Etiology Congenital
Disease/Diagnosis Infantile Nystagmus Syndrome
Treatment Surgical procedures for congenital nystagmus are discussed in ref 7
References 1. Abadi RV, Dickinson CM. Waveform characteristics in congenital nystagmus. Documents Ophthalmologica 1986;64:153-167. http://www.ncbi.nlm.nih.gov/pubmed/3608756 2. Abel, L.A., Wang, Z.I. and Dell'Osso, L.F.: Wavelet Analysis in Infantile Nystagmus Syndrome: Limitations and Abilities. Invest. Ophthalmol. Vis. Sci. 2008. (In Press). http://www.ncbi.nlm.nih.gov/pubmed/18450585 3. Averbuch-Heller L, Dell'Osso LF, Leigh RJ, Jacobs JB, Stahl JS. The torsional component of ‘horizontal' congenital nystagmus. J Neuroophthalmol 2002;22:22-32. http://www.ncbi.nlm.nih.gov/pubmed/11937902 4. Classification of Eye Movement Abnormalities and Strabismus (CEMAS) Working Group. http://www.nei.nih.gove/news/statements/cemas 2003. 5. Hertle RW, Maldanado VK, Maybodi M, Yang D. Clinical and ocular motor analysis of the infantile nystagmus syndrome in the first 6 months of life. Br J Ophthalmol 2002;86:670-675. http://www.ncbi.nlm.nih.gov/pubmed/12034691 6. Hertle RW, Maybodi M, Mellow SD, Yang D. Clinical and oculographic response to Tenuate Dospan (diethylpropionate) in a patient with congenital nystagmus. Am J Ophthalmol 2002;133:159-160. http://www.ncbi.nlm.nih.gov/pubmed/11755862 7. Leigh JR, Zee DS. Diagnosis of Nystagmus and Saccadic Instrusions. In The Neurology of Eye Movements, Fourth Edition. Oxford University Press, NY 2006; Chp 10; 475-558. 8. Shibasaki H, Motomura S. Suppression of congenital nystagmus. J Neurol Neurosurg Psychiatry 1978;41:1078-1083. http://www.ncbi.nlm.nih.gov/pubmed/731252 9. Stevens DJ, Hertle RW. Relationships between visual acuity and anomalous head posture in patients with congenital nystagmus. J Pediatr Ophthalmol Strabismus 2003;40:259-264. http://www.ncbi.nlm.nih.gov/pubmed/14560831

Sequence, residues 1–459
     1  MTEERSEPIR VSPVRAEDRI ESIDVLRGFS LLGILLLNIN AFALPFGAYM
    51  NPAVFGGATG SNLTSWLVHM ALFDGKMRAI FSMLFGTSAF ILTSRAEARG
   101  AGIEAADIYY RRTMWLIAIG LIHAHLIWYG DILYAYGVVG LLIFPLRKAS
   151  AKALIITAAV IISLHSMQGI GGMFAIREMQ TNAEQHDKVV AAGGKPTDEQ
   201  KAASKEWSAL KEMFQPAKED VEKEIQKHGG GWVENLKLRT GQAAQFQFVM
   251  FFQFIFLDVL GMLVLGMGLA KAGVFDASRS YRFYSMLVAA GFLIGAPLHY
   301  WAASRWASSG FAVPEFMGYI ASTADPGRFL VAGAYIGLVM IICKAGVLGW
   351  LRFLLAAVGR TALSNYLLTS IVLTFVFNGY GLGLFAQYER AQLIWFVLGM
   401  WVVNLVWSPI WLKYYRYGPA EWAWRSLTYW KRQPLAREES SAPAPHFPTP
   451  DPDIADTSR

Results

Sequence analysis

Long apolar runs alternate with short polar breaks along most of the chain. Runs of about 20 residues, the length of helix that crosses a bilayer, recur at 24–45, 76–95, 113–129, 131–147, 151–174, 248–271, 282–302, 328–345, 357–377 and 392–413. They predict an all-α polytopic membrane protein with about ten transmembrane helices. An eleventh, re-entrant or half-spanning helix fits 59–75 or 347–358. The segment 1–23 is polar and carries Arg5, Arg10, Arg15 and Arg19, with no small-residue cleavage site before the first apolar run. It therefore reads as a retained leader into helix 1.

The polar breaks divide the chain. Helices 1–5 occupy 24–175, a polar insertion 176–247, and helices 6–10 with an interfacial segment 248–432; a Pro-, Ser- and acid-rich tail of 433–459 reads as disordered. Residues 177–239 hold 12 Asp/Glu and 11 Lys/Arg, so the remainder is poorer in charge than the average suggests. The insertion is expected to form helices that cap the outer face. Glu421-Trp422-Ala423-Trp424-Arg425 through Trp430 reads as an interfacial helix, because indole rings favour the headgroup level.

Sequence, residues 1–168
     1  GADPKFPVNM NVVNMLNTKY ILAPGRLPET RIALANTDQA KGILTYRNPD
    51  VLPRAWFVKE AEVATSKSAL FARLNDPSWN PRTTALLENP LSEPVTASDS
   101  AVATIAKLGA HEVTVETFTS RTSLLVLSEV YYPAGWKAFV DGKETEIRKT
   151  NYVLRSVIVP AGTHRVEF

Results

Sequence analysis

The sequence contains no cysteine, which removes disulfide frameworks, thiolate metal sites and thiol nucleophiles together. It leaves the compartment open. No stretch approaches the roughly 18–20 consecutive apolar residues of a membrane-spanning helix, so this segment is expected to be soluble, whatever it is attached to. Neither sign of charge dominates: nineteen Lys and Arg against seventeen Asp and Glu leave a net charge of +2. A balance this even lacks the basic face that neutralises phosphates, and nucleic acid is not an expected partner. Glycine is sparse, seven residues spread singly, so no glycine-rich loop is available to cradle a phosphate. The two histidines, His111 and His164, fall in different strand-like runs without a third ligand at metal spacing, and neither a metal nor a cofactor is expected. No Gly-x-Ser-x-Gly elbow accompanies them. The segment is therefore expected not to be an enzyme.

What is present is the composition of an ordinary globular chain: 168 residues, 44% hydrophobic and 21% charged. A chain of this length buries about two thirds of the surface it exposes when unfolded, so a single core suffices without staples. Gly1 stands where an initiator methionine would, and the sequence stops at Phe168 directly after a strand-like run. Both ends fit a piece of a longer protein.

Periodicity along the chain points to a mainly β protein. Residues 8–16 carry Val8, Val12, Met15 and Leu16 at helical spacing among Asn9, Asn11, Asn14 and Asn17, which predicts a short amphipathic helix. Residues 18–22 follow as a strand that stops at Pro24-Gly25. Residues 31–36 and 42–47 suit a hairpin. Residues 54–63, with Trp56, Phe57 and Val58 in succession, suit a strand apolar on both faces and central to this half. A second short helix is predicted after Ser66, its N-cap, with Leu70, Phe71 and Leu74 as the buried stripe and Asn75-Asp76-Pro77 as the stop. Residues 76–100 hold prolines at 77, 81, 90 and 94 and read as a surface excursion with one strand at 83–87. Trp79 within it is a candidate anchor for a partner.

Relation is Part of 169-35, 907-2, 936-6, 938-4, 944-8
Publisher Spencer S. Eccles Health Sciences Library, University of Utah
Date 1970
Type Image/MovingImage
Format video/mp4
Source 3/4" Umatic master videotape
Rights Management Copyright 2002. For further information regarding the rights to this collection, please visit: https://NOVEL.utah.edu/about/copyright
Holding Institution Spencer S. Eccles Health Sciences Library, University of Utah, 10 N 1900 E, SLC, UT 84112-5890
Collection Neuro-ophthalmology Virtual Education Library: NOVEL http://NOVEL.utah.edu
Language eng
ARK ark:/87278/s69p5z7t
Setname ehsl_novel_shw
Date Created 2008-09-23
Date Modified 2017-02-23
ID 188636
Reference URL https://collections.lib.utah.edu/ark:/87278/s69p5z7t
Back to Search Results